David Davis has claimed proposed plans to monitor emails, phone calls and websites will make existing surveillance legislation “60 million times worse”.
The former Conservative Home Secretary argued the new powers risked causing enormous resentment by allowing “unfettered” access to all forms of communication.
The Coalition is to revive plans first raised then shelved by the last Labour Government to track the activities of every Briton who uses a phone or the internet.
The proposals, to be unveiled in the Queen’s Speech, will see a huge expansion in the amount of data communication providers are required to keep for at least a year.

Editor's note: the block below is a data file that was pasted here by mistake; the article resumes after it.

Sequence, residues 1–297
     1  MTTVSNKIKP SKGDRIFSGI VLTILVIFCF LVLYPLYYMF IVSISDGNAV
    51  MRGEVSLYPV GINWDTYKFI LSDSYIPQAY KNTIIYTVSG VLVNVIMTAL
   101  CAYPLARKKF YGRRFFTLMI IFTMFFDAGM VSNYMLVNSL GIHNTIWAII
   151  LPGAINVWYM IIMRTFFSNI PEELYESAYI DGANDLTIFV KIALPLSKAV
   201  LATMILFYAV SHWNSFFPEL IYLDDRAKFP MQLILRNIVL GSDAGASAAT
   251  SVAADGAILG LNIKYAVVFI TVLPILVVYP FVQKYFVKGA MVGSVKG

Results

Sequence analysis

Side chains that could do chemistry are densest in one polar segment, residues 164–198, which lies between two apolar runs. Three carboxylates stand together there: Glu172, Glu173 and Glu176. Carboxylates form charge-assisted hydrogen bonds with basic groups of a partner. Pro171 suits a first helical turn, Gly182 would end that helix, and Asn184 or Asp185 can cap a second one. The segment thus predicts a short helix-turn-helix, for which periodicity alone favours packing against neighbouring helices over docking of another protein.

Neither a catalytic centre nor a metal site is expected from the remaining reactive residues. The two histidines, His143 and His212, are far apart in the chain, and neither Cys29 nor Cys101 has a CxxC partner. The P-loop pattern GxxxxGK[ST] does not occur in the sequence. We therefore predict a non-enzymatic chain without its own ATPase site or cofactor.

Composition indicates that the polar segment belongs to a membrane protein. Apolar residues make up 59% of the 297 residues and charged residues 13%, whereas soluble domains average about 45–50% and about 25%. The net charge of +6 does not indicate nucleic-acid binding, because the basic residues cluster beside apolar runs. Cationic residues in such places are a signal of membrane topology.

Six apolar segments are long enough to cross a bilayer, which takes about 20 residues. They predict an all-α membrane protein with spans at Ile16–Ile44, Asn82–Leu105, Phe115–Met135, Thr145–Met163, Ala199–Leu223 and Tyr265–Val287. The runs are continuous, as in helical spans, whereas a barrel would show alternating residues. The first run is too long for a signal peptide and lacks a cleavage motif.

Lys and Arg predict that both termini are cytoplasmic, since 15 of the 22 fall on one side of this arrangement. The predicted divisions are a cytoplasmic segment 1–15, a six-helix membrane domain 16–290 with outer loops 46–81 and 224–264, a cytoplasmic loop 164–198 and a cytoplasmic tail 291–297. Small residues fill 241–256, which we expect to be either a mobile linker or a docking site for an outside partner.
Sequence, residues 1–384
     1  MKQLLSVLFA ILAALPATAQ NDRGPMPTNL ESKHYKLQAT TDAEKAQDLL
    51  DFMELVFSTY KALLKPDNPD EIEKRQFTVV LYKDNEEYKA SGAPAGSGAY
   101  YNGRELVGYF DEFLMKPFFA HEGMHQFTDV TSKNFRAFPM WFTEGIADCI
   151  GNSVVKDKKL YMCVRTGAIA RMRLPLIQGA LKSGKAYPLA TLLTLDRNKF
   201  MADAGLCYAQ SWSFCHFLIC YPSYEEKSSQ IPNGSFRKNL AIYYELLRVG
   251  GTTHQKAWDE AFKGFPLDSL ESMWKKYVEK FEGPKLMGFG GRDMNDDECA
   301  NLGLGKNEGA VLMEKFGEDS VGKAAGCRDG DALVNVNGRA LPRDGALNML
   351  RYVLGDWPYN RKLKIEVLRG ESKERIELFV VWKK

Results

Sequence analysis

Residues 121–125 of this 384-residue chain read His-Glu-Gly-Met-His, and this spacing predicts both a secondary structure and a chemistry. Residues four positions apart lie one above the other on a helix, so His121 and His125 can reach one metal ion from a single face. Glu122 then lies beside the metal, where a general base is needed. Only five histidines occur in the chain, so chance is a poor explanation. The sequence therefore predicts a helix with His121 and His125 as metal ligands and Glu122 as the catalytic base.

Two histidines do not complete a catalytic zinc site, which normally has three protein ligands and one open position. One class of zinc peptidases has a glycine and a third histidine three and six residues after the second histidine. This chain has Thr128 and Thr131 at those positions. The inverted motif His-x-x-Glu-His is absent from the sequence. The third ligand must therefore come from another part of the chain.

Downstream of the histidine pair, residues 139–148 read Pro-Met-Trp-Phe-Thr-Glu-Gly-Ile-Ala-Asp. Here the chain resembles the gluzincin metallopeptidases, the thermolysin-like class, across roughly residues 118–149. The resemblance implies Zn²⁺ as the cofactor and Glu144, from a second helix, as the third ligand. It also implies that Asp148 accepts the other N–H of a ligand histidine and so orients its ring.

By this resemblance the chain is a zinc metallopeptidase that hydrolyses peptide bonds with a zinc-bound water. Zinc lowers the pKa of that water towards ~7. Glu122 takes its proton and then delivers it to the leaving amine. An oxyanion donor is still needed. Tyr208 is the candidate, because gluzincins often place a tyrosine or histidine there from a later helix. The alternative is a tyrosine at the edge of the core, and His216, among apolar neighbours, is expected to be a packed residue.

It will allow the police and intelligence officers to monitor who someone is in contact with or websites they visit, although the content of such communications will not be accessed.
Under new legislation, internet companies will be instructed to install hardware enabling GCHQ – the Government’s electronic “listening” agency – to examine “on demand” any phone call made, text message and email sent, and website accessed.